The shift towards a more environmentally sustainable global economy offers fresh opportunities for African economies. Countries, companies, and communities around the world are actively pursuing the implementation of policies required to expedite the transformation into a Green Economy. This transition aims to achieve inclusive development while respecting environmental limits and providing social benefits, such as poverty eradication and wealth creation.
Africa is arguably the most affected by climate change but it is encouraging to see the opportunity for the continent to harness its rich reserves of natural and renewable resources for sustainable energy. The carbon market offers economic value to activities driven toward reducing greenhouse gas emissions, Africa can gain economic benefits from the global factors driving this transition.
The carbon market is a multifaceted system designed to facilitate the trade of greenhouse gas pollution rights. These rights, often known as allowances or permits, serve as the globally traded commodities that grant the holder the permission to release an equivalent volume of CO2 emissions. Carbon credits are accrued steadily, generated as a project is implemented and its emissions reductions are verified. In many markets, these carbon credits can be deployed as an alternative to allowances to meet compliance targets established for industrial facilities.
The carbon market in Africa is still nascent as it accounts for just 2 percent of the trading activity on the global carbon markets, which is valued at more than $2 billion.
In 2022, the United Nations Climate Summit (COP27) offered a boost to climate finance for the continent through the unveiling of the African Carbon Markets Initiative. This initiative is committed to making climate finance available for African nations, broadening their access to clean energy, and promoting sustainable economic development. The initiative pledges to improve Africa’s involvement in voluntary carbon markets. The goal of the African Carbon Market Initiative is to produce 300 million new carbon credits annually by 2030, a figure on par with the total credits issued globally in voluntary carbon offset markets in 2021.
Rwanda is set to launch its carbon market scheme at the UN Climate Summit (COP28) slated from November 30 to December 12 in Dubai. Herman Hakuzimana, the Climate Change Programme Manager at the Rwanda Environment Management Authority (REMA), believes that the country has a lot to offer. The cabinet has received a comprehensive briefing on the country’s carbon emission trading framework, which aligns with Article 6 of the Paris Agreement.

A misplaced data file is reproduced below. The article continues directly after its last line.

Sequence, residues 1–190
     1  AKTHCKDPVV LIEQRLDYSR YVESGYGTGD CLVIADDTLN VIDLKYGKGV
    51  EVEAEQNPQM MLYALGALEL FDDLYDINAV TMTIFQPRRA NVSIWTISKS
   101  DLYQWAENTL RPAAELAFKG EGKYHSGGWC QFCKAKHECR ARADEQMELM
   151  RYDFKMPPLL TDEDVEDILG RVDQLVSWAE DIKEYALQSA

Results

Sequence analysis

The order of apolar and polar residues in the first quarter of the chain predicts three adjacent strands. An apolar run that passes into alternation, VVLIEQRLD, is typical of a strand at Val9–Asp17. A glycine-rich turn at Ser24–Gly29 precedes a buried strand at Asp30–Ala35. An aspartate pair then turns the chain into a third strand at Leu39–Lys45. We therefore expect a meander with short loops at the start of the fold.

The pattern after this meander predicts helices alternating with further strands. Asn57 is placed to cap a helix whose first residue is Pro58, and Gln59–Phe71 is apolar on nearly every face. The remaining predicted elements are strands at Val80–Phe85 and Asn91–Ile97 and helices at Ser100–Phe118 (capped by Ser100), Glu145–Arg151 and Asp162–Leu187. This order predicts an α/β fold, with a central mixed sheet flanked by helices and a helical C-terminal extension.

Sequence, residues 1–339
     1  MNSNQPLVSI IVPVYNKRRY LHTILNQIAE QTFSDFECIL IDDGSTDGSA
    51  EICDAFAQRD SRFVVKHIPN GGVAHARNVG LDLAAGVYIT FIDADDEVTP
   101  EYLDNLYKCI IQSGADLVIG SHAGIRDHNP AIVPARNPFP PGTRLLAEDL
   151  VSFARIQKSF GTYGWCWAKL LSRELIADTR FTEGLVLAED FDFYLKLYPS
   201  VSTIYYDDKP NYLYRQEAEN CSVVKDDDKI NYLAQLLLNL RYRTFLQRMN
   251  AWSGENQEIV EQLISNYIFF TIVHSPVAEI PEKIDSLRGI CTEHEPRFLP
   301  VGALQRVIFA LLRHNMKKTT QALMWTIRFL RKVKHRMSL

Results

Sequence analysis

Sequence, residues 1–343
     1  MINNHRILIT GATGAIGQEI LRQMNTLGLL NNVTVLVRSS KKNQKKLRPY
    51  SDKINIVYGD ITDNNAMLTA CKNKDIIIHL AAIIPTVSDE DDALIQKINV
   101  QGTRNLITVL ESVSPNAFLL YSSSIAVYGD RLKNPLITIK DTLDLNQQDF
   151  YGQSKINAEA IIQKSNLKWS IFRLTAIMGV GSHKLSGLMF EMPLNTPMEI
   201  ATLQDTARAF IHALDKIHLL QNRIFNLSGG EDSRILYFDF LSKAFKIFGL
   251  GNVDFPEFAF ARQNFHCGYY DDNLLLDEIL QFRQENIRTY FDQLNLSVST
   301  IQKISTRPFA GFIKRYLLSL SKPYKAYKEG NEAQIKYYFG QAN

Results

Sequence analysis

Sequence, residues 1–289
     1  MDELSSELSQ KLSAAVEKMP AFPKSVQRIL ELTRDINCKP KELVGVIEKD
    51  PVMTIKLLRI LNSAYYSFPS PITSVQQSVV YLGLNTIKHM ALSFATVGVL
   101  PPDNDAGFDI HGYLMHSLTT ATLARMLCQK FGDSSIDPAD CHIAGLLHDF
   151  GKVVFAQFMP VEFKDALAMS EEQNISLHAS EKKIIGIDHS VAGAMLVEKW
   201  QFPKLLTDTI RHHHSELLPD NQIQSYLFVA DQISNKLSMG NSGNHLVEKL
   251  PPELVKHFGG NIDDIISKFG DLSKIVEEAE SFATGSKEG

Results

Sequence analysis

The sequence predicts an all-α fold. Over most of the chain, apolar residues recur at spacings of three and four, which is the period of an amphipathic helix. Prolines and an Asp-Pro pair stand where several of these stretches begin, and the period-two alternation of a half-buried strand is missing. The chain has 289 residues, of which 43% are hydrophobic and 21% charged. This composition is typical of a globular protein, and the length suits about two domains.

Hakuzimana shared that the carbon market initiative provides a clear roadmap for investors to purchase carbon credits in Rwanda. The initiative will also showcase the wide range of projects available in the country’s carbon market, including innovative cooking technologies designed to ease the strain on the forests.
“The carbon market framework serves as a tool to attract investors to Rwanda’s carbon market, and these projects are all part of Rwanda’s 10-year climate action plan, which requires $11 billion for implementation through 2030,” said Hakuzimana.
Rwanda is dedicated to a 38 percent reduction in its greenhouse gas emissions by 2030. To achieve this goal, they plan to secure $4.155 billion from domestic sources, leading to a 16 percent reduction in emissions. While, $6.885 billion in external financing will be secured, resulting in a further 22 percent reduction in emissions.
It is important to highlight that Rwanda is one of the most climate-impacted countries in the world. In May, it experienced devastating flooding and landslides, which led to the tragic loss of over 130 lives. Thousands of people were forced to evacuate as the deluge submerged villages. The destructive impact of the flood resulted in the destruction of 5,000 homes, 17 roads, and 26 bridges.
However, there are doubts about the efficacy of carbon offset credits in tackling the issue of climate change. When evaluating the effectiveness of carbon credits, one major concern is how long carbon offsets last. Carbon emissions can be in the atmosphere for hundreds of years, so these offsets have to be permanent. But it’s quite a challenge to guarantee the emissions will be offset for that length of time. However, Rwanda’s carbon market has garnered interest from investors who are positive about the quality of the carbon credits and the high prices that it would attract. Paul Foster, the CEO and Founder of CSG Holding believes that the country’s framework and governance are poised to yield the most competitive carbon credit prices possible.
Rwanda is considered a premier investment hub because of its comprehensive environmental protection policies. The country’s leadership has prioritized peace and security, creating an environment conducive to business growth. It is also at the forefront of leading creative financial mechanisms to fund sustainable projects, such as the introduction of green bonds. These instruments have attracted both domestic and international investors who are driven toward supporting eco-friendly initiatives.
Source: Ventures Africa